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Lexicon Poeticum

Lexicon Poeticum

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Anon Pét 45VII/8 — dróttins ‘the Lord’s’

Metr líkn guðs og ljótan
löst* sinn vánar trausti
smurðr af greina garði
gegn brásteina regni.
Enn frá öðrum mönnum
allþrútinn fór úti
angrs; var einn í gaungu
ótt til grafar dróttins.

Gegn, smurðr regni brásteina af garði greina, metr guðs líkn og ljótan löst* sinn trausti vánar. Enn allþrútinn angrs fór úti frá öðrum mönnum; einn var í gaungu ótt til grafar dróttins.

The upright man, anointed with rain of eyelash-stones [EYES > TEARS] from the enclosure of wits [BREAST], considers God’s mercy and his own ugly sin with the support of hope. Still swollen with grief, he was walking outside, away from other men; alone he made his way quickly to the Lord’s grave.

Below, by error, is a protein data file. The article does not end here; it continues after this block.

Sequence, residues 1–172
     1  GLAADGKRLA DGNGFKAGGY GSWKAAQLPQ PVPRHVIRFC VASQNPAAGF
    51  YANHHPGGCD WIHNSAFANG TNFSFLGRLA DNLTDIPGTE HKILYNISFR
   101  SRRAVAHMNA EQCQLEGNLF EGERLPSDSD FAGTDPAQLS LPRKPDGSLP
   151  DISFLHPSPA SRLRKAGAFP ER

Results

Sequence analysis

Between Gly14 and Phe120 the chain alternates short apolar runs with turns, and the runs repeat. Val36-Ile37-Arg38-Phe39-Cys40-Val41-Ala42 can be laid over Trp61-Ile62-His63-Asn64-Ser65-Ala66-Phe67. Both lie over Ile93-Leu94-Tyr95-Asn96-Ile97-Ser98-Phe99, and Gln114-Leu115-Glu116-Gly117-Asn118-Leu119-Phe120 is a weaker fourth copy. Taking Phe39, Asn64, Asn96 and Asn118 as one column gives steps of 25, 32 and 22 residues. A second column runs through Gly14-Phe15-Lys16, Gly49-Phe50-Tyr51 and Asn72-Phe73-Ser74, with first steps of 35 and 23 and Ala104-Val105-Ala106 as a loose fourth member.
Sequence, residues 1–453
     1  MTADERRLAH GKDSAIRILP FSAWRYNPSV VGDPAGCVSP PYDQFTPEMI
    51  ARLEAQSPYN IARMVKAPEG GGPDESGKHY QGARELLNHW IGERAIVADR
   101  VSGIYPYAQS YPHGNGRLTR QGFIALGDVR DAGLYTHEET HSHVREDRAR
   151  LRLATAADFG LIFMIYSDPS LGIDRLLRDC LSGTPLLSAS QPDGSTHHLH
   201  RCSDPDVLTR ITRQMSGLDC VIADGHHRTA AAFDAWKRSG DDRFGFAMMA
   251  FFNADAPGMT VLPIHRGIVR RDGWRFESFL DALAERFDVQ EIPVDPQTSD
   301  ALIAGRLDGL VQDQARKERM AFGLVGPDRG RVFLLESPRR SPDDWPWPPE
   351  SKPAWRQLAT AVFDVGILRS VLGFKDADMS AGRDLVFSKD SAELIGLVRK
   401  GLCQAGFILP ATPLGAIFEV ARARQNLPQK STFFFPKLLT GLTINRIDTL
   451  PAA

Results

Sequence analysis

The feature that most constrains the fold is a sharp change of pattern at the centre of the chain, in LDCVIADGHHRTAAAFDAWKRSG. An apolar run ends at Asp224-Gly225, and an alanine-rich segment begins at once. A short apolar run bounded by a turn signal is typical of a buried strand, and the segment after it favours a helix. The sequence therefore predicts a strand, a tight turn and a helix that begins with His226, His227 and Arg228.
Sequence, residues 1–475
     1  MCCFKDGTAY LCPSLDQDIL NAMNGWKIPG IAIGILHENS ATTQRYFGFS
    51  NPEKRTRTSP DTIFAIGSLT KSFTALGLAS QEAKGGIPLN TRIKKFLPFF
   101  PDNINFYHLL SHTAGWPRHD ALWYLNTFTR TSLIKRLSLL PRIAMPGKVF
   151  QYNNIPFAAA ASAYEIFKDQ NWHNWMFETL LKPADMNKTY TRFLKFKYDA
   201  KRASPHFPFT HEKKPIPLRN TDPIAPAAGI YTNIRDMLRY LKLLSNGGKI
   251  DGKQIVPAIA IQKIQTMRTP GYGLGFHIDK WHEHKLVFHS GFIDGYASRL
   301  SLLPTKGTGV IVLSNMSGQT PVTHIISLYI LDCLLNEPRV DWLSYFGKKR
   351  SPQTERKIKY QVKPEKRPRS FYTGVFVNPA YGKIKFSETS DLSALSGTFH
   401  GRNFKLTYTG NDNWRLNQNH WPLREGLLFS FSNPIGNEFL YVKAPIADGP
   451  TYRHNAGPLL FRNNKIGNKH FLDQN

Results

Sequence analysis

[7-8]: Kock (NN §2884, Skald) emends grafar (l. 8) to grafinnar to improve the metre. The ll. appear to refer to Peter’s hurrying to the sepulchre (Skj B til herrens grav ‘to the Lord’s grave’) on hearing that Christ has risen. Cf. Pétr 15/24-5: Petrus einn saman for [B rann] þa til leiðis sins meistara ‘Peter then went [B ran] alone to the tomb of his master’; Luke XXIV.12 Petrus autem consurgens cucurrit ad monumentum ‘but Peter rising up, ran to the sepulchre’. The transition from Peter’s departure from the courtyard of Caiphas (in l. 6) to this later episode in the gospel narrative is, however, abrupt to say the least! Petrus Comestor, Historia scholastica, ch. 159, refers to the tradition that after his denial Peter fled to a mountain cave to grieve in solitude (col. 1624): egressus foras flevit amare, fugiens in caveam, quae modo Gallicantus appellatur ‘going out he wept bitterly, fleeing to a cave which is now called Gallicantus’. Cf. Jacobus de Voragine, Legenda Aurea, ch. 52 ‘De Resurrectione Domini’ (in Maggioni 1998, 362). However, no reference is made to this tradition in Pétr (cf. Note to st. 46/7-8).



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